Fixing the Game: Bubbles, Crashes, and What Capitalism Can Learn from the NFL
American capitalism is in dire straits, caught in a perilous pattern of increasing volatility, decreasing investor returns, and ongoing bad behavior by executives. And it’s getting worse. Since the turn of the twenty-first century, we’ve seen two massive value-destroying market meltdowns and a string of ethics breaches, including accounting scandals, options-backdating schemes, and the subprime mortgage debacle.
Just what is going on here? Is it the inevitable decline of the American economy? Is it the new normal in a technology-enabled global marketplace? Or is it possible that the very theories we’ve embraced to underpin our capital markets are actually producing these crises?
In Fixing the Game, Roger Martin reveals the culprit behind the sorry state of American capitalism: our deep and abiding commitment to the idea that the purpose of the firm is to maximize shareholder value. This theory has led to a massive growth in stock-based compensation for executives and, through this, to a naive and wrongheaded linking of the real marketthe business of designing, making, and selling products and serviceswith the expectations marketthe business of trading stocks, options, and complex derivatives. Martin shows how this tight coupling has been engineered and lays out its results: a single-minded focus on the expectations market that will continue driving us from crisis to crisisunless we act now.
Using the National Football League as his primary example, Martin illustrates that it is possible to take a much more thoughtful and effective approach than we now do to the intersection of the real and the expectations markets and to governance in general in the capital markets. Martin shows how we can act to end the destructive cycle, including:
Restructuring executive compensation to focus entirely on the real market, not the expectations market Rethinking the meaning of board governance and role of board members Reining in the power of hedge funds and monopoly pension funds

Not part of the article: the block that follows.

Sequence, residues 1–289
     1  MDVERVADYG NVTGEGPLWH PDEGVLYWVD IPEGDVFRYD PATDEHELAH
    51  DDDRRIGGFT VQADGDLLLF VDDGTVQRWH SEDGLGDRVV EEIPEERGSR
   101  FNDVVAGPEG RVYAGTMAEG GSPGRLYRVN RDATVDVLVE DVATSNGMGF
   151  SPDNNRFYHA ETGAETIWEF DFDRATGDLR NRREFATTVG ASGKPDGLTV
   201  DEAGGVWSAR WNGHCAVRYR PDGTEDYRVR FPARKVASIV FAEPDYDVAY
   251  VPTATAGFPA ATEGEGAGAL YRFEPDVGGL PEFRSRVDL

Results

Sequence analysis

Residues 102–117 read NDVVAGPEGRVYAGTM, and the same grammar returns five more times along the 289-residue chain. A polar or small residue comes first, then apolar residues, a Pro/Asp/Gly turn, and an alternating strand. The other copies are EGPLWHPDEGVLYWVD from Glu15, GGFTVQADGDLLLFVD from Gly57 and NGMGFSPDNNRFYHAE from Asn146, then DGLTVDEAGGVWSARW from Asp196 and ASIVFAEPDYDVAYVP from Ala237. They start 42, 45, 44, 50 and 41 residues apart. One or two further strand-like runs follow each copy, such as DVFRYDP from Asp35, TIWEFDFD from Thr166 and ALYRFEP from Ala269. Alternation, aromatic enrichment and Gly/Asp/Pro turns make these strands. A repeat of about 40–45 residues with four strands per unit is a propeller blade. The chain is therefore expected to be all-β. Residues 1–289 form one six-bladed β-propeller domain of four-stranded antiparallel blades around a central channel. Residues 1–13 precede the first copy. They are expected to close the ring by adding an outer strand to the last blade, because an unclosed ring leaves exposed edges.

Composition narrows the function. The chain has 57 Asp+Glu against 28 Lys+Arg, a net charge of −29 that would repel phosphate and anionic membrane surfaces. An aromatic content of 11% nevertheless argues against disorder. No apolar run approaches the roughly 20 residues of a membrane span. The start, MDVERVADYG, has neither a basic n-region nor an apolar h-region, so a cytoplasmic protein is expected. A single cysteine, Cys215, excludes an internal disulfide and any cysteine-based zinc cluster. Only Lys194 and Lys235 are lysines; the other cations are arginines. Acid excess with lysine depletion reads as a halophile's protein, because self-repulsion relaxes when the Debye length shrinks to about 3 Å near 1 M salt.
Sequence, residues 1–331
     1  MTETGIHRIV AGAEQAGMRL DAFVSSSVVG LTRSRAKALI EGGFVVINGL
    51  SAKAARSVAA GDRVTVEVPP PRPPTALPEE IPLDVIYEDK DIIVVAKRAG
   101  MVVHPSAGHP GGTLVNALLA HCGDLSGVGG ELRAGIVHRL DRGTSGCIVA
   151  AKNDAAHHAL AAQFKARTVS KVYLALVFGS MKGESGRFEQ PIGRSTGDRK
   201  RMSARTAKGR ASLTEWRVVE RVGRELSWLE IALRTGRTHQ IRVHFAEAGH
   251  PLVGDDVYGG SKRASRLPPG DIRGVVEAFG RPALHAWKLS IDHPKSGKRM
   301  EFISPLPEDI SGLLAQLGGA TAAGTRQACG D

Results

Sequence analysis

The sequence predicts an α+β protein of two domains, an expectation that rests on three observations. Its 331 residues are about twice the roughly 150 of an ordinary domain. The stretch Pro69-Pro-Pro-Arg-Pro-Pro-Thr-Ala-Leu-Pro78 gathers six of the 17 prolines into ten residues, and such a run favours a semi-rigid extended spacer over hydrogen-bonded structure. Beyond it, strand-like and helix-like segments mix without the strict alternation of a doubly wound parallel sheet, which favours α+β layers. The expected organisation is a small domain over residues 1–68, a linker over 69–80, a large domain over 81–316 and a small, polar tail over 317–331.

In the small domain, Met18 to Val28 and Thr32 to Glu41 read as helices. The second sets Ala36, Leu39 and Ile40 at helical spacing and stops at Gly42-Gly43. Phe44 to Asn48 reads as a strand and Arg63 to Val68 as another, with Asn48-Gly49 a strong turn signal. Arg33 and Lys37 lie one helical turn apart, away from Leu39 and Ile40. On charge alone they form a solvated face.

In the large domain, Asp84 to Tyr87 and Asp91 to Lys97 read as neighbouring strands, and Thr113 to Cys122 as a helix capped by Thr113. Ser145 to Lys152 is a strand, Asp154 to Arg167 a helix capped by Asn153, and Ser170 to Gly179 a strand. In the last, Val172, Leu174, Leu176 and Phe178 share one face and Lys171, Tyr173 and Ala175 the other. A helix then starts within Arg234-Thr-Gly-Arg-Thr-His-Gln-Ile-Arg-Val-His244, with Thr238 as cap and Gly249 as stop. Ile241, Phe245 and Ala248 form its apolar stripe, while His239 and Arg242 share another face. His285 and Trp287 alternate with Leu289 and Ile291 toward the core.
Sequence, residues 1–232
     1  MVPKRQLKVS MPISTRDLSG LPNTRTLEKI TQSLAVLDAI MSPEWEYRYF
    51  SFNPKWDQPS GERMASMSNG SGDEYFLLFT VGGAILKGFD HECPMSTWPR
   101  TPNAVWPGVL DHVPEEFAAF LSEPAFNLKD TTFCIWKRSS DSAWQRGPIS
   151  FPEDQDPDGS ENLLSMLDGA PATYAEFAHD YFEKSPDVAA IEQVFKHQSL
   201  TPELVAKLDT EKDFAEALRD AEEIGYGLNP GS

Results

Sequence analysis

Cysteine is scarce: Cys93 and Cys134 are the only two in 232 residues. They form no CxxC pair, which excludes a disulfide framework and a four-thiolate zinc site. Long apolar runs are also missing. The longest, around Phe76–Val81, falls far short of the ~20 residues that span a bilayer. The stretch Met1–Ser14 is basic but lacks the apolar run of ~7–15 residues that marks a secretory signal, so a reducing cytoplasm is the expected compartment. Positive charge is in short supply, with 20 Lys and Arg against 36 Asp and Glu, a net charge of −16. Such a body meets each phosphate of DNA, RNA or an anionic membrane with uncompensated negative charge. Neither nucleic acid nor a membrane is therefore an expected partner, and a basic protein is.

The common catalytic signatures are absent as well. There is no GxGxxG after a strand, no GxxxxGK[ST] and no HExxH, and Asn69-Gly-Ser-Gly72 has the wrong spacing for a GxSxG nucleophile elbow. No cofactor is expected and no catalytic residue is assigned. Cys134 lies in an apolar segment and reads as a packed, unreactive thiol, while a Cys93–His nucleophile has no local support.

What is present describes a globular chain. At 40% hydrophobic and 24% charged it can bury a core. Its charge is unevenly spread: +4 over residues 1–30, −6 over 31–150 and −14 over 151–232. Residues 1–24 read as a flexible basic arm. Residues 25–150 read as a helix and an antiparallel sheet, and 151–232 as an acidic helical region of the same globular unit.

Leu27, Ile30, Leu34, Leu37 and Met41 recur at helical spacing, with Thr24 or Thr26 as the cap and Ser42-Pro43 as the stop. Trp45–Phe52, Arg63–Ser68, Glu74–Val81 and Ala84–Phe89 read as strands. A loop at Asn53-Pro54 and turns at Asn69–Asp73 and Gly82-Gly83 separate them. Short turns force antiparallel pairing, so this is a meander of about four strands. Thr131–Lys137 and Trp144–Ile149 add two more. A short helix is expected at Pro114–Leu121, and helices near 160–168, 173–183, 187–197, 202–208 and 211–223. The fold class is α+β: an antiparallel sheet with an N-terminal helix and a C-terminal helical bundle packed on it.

Concise, hard-hitting, and entertaining, Fixing the Game advocates seizing American capitalism from the jaws of the expectations market and planting it firmly in the real marketand it presents the steps we must take now to do so.
Finally - An Intelligent Business Book
By Salvatore Babones - August 26, 2011
Most business books are excruciatingly boring for anyone with even a rudimentary social science background. Business authors value clever turns of phrase over deep argumentation; platitudes masquerade as insights; there are lists, lists, lists everywhere. Read against the background noise of recent business books, Martin's "Fixing the Game" is a welcome departure that harkens back to Peter Drucker's classic works. Most importantly (to me at least) Martin sticks close to the data. Ideas are great; we need ideas, and everyone should have at least one. Martin puts his and other people's ideas to the test using real data on the performance of US companies and the US economy over the past half-century, and Martin's ideas come out on top -- and no, not because he fixes the game!
Martin's title, "Fixing the Game," is a double-entendre: he wants to fix the game of the American economy by making it work better for shareholders, employees, and communities, and he shows how CEOs... read more
Why and how the core of business and capitalism must be restored
By Robert Morris - May 7, 2011
Many years ago, Oliver Wendell Holmes is reported to have observed, "I wouldn't give a fig for simplicity on this side of complexity but I would give my life for simplicity on the other side of complexity." I recalled that observation as I began to read Roger Martin's latest book. With consummate skill, he enables an economics neophyte such as I to complete a journey that began in almost total ignorance and eventually reached a point at which a sound (albeit basic) understanding of key economic issues has been developed. The "game" to which the book's title refers is an economic system that based on theories that assume that "focusing on shareholder value maximization using stock-based compensation" will give shareholders a better deal when, in fact, these theories "have the ability to destroy our economy and rot out the core of American capitalism."
The repairs that are urgently needed (i.e. the "fixing" of that system), Martin asserts, require that the "expectations... read more
2011 Best Business Book
By Strategy And Business Magazine "strategy+busi... - December 6, 2011
Roger L. Martin, dean of the Rotman School of Business at the University of Toronto, is fighting to change the way we think about and teach management. His newest book, Fixing the Game: Bubbles, Crashes, and What Capitalism Can Learn from the NFL, has its origins in a fine, prescient article he wrote for Barron's in 2003 and is one of the very few business books that is better for the expanded treatment.
Martin sets out to show why capitalism in America has gotten into trouble over the past few decades. He argues that agency theory, derived from neoclassical economics, together with the gospel of shareholder value, has led to managers being compensated for doing the wrong things. Stock-based compensation, for example, focuses executives on expectations markets rather than real markets, where customer value is created. It is this focus on maximizing what should be an ancillary goal that has led to the marginalizing of customers as "marks" to be exploited.
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